by Aimee Levitt
Last spring, you may recall, Washington University physicist Jonathan Katz got kicked off a panel assembled by Secretary of Energy Steven Chu that was supposed to figure out how to stop the BP oil spill. Katz's banishment had less to do with his scientific acumen than with his views on homosexuality which are controversial, to say the least. (More bluntly, Katz is an avowed homophobe, and his stance hasn't changed much since his son Isaac came out of the closet last fall.)
It's really too bad that Katz's gender politics got in the way of his work because a recent experiment has proven that Katz's proposed solution to stop the leak would have been far more effective than the one BP did use, which failed and left the well gushing for another two months.
Katz's proposal: cornstarch. Yep, the same stuff you use to thicken your puddings and pie fillings.
Chu's panel had recommended that BP use a top-kill procedure, which involved pouring heavy mud down the wellbore. Katz and another physicist on the panel, Richard Garwin, believed ordinary mud wouldn't be enough.
"We were worried that a phenomenon known as a Kelvin-Helmholtz instability [when two fluids move past each other at different speeds] would disperse the dense mud into tiny droplets that would be carried out of the well by the leaking crude oil," Katz said in a Wash. U. press release.
According to Katz and Garwin's calculations, something would have to be added to the mud to make it heavier and suppress the oil droplets, sort of like quicksand. Or oobleck, a substance you can make in your very own kitchen by mixing up a box of cornstarch and a cup of water.
"It can flow slowly as a liquid, but turns stiff and elastic when flow is rapid," Katz explained. "If an instability were to occur, this stiffness would suppress it, and the novel mud would sink in the well, accumulating at the bottom until its pressure became sufficient to stop the leak."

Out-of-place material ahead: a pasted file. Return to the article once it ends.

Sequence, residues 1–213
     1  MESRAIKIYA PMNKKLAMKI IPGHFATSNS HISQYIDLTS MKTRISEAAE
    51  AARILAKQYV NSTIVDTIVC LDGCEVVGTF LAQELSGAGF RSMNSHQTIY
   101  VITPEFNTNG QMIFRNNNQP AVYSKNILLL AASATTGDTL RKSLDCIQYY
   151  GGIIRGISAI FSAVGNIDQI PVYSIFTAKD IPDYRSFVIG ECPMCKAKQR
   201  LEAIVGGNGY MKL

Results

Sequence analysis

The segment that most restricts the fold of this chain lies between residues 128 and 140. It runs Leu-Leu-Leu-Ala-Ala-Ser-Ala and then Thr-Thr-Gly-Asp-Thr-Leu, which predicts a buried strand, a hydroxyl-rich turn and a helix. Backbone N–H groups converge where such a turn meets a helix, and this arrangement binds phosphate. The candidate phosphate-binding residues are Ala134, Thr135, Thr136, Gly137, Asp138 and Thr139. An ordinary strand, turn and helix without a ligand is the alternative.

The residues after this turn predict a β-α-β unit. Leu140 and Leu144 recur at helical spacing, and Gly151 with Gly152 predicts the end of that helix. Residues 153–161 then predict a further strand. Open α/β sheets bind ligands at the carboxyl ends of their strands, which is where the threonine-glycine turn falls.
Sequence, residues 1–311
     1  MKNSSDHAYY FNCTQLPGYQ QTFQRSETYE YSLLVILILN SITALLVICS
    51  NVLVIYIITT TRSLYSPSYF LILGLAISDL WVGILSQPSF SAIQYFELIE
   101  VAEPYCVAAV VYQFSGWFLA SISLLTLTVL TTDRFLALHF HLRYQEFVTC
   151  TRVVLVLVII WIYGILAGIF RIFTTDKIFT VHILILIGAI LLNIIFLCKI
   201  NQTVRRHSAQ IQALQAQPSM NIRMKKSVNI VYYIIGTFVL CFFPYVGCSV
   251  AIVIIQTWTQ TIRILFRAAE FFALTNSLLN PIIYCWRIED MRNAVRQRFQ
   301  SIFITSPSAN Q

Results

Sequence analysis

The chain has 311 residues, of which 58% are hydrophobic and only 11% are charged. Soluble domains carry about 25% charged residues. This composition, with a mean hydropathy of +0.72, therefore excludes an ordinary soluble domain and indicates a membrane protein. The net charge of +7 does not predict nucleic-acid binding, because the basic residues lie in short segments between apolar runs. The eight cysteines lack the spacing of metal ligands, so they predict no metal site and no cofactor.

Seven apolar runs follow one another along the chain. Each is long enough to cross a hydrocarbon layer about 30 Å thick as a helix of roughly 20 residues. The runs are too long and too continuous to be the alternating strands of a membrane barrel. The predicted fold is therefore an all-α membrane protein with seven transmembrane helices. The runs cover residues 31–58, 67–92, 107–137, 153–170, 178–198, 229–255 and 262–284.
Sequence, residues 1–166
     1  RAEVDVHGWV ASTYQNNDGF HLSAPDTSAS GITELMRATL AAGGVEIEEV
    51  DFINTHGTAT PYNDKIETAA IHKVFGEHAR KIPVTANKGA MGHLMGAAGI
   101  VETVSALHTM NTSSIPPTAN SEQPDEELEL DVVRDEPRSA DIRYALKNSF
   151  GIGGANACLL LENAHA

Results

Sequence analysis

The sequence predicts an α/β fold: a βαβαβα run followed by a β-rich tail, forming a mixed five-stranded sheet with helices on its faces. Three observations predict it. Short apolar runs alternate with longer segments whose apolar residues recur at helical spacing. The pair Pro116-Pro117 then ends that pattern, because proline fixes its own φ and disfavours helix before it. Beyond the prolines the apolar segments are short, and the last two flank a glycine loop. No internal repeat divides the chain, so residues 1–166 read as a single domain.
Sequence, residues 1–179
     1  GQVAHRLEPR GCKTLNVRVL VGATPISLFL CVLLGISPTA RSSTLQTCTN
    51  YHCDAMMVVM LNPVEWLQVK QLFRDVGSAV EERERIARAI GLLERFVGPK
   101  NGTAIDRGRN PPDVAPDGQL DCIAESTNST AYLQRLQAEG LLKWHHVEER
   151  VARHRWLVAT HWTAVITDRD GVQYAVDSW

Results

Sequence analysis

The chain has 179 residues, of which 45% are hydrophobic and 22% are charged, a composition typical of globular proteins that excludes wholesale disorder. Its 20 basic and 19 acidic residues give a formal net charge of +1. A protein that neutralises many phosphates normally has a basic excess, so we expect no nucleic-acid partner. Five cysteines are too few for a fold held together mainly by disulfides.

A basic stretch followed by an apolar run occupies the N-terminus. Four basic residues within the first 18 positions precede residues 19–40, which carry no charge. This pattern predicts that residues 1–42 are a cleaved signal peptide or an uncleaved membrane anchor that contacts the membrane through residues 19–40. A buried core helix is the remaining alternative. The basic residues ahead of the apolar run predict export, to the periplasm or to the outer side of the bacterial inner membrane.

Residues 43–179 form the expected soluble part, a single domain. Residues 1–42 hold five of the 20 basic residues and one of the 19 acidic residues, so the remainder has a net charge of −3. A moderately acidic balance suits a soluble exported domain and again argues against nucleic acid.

After Katz and Garwin's solution was rejected, they retreated to Lawrence Livermore National Laboratory in California and created a scale model of the BP oil spill out of a six-foot long plastic tube, which they filled with oil.
"We poured cornstarch 'mud' into the top of the oil column and observed that, as predicted, the instability was suppressed," said Katz. "The surrogate 'mud' sank rapidly through the oil to the bottom of the tube." In real life, this would have prevented any more oil from flowing up from the reservoir, effectively killing the well.
As it happened, when BP poured 30,000 barrels of mud down the well back in May, the oil reacted violently, just as the physicists had predicted, and spewed most of the mud back out again, along with a lot of crude oil.
Katz and Garwin recently published the results of their experiments in Physical Review Letters, a peer-reviewed journal. They haven't had a chance to prove whether their experiment would work with an actual oil spill, and Katz said, rather piously, that he hopes they never have to, but, of course, it never hurts to be prepared.